Vivus ($VVUS) has taken a pounding on Wall Street with the lackluster debut of its closely watched weight-loss drug Qsymia, as the company fell short of analysts' big expectations for the launch of one of the first new diet pills to hit the U.S. market in years. Now Vivus CEO Leland Wilson has pledged to do better at managing expectations for the ongoing launch, Cowen analysts noted after a meeting with Wilson in New York on Wednesday.
In rare moments of corporate candor, Wilson also took responsibility for his company's previous shortcomings in tempering analysts' outlook for Qsymia sales, according to the analysts. And working with Wall Street is just one of several major items on the CEO's plate as he and his small company seek to conquer the massive market for drugs against obesity, which afflicts a whopping third of the U.S. population and has contributed to soaring diabetes rates, heart disease and liver ailments, among other conditions.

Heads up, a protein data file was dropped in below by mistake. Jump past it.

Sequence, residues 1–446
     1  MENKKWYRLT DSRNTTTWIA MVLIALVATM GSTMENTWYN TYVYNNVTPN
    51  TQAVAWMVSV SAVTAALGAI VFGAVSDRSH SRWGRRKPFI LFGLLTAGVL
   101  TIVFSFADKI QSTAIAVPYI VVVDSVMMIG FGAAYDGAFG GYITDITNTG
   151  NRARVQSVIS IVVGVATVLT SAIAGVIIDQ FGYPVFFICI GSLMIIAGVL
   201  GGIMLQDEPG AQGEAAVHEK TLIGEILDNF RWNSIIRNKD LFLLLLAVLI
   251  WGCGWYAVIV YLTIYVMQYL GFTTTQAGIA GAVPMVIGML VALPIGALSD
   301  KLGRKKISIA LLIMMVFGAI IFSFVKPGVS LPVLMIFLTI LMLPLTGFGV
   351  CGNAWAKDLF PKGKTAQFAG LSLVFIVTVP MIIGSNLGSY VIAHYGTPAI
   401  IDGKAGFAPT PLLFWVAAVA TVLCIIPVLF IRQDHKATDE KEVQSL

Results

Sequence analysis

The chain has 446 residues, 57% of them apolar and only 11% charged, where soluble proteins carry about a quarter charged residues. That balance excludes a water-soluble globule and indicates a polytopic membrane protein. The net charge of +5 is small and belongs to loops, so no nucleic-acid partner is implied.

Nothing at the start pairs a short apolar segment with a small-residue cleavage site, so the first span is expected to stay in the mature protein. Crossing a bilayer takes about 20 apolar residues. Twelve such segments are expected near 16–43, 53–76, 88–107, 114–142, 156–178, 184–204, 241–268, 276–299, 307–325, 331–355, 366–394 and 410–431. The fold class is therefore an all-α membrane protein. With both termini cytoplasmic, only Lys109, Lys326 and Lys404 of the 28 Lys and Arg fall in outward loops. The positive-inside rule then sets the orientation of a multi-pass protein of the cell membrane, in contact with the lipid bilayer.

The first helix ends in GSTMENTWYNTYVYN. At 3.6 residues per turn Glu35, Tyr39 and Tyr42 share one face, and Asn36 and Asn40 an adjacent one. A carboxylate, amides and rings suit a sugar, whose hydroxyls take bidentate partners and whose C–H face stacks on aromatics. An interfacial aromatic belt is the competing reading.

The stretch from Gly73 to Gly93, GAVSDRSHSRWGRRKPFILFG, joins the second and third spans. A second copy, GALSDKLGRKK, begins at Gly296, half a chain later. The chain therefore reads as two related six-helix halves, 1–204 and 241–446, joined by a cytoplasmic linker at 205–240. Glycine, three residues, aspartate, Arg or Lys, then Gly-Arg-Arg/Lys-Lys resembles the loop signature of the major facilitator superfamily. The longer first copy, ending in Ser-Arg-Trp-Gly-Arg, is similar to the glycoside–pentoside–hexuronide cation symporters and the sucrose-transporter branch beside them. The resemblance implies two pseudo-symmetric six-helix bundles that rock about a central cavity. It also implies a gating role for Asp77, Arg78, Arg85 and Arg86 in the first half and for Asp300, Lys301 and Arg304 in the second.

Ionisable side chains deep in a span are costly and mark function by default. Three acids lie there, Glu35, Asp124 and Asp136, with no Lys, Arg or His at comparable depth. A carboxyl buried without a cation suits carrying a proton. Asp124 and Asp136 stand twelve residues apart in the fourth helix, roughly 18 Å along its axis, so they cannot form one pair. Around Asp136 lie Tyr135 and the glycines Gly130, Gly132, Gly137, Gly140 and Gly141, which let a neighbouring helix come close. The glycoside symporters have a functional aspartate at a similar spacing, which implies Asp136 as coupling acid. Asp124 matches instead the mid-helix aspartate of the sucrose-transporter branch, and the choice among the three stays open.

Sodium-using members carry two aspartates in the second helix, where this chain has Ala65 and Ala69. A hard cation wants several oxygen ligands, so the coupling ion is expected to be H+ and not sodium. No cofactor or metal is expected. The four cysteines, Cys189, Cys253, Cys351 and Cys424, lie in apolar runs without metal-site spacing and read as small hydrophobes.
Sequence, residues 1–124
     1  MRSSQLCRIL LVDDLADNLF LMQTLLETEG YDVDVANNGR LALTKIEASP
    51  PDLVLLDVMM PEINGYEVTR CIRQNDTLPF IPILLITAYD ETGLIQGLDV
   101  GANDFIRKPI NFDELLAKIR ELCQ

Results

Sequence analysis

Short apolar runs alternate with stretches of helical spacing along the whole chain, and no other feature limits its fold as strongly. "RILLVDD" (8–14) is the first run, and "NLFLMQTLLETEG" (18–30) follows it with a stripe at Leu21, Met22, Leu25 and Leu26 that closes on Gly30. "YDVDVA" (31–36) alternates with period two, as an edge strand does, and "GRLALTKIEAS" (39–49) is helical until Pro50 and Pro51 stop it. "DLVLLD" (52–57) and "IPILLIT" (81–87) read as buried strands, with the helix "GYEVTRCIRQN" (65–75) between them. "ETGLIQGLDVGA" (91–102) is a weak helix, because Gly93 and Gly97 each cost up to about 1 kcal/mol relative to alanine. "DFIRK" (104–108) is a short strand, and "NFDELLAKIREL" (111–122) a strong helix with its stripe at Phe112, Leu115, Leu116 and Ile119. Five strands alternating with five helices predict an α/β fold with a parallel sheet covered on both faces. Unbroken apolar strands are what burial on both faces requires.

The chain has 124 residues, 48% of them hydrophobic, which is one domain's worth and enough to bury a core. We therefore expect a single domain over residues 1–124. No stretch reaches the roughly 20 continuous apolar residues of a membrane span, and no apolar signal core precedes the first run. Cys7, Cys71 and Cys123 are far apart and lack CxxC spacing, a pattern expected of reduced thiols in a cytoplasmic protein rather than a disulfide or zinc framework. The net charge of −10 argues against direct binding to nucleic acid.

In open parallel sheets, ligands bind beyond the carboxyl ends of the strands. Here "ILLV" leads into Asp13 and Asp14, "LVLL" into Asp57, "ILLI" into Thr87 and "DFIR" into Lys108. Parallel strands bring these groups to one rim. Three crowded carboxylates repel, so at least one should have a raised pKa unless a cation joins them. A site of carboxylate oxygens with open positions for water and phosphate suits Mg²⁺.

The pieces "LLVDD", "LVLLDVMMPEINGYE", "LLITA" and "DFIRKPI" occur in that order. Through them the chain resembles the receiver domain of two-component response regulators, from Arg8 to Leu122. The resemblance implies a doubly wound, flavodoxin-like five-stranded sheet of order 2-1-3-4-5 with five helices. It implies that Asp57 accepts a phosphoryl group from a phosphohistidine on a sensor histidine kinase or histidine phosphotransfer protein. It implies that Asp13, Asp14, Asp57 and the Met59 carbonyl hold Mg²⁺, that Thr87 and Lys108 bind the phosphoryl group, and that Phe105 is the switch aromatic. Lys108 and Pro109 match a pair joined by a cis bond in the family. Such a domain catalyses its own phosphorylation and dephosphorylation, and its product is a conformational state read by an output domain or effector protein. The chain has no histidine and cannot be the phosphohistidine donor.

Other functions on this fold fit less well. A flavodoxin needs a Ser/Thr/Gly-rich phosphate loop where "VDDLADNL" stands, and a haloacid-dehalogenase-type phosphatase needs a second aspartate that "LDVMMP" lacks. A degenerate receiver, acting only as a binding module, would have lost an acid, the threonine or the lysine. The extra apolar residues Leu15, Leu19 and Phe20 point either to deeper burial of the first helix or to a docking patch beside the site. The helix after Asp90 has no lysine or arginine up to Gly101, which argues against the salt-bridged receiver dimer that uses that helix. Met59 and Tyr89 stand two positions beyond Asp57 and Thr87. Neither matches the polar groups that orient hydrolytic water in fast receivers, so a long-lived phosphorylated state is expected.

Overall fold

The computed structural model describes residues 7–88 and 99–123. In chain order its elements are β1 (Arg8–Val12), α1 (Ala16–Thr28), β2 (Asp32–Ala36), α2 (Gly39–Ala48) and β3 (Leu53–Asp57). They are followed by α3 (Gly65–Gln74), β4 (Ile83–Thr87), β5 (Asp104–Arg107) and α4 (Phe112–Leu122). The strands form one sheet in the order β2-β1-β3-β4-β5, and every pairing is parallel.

As Cowen framed Wilson's agenda, the company has undertaken a long-shot effort to gain a 27-month extension on the patent for its weight-loss drug beyond the year 2020 expiration date. Its seeking tie-ups with partners to expand the sales push behind Qsymia and an amendment to its REMS plan that would slash through some red tape and make the med available at retail pharmacies. Also, the company is working with insurers to reclassify the drug on formularies to reduce the co-pay of roughly $50 per script, which is more than some patients can afford. And there's the matter of the cardio outcomes study that could cost up to $225 million depending on its design and requirements from regulators.
These issues could weigh heavily on Vivus' performance and, in some cases, the blockbuster expectations for its prized weight-loss drug.
"We believe that Qsymia can become a significant drug, and at penetrations of 1.5-3% in the male and female obese population, respectively, we project peak 2019 US sales of $1B," Cowen wrote in a note to investors on Wednesday. "However, we have assumed that this only happens with the help of a big pharma partner that will employ a large and experienced primary care sales force; we don't believe that this level of sales is achievable by any small biopharma company."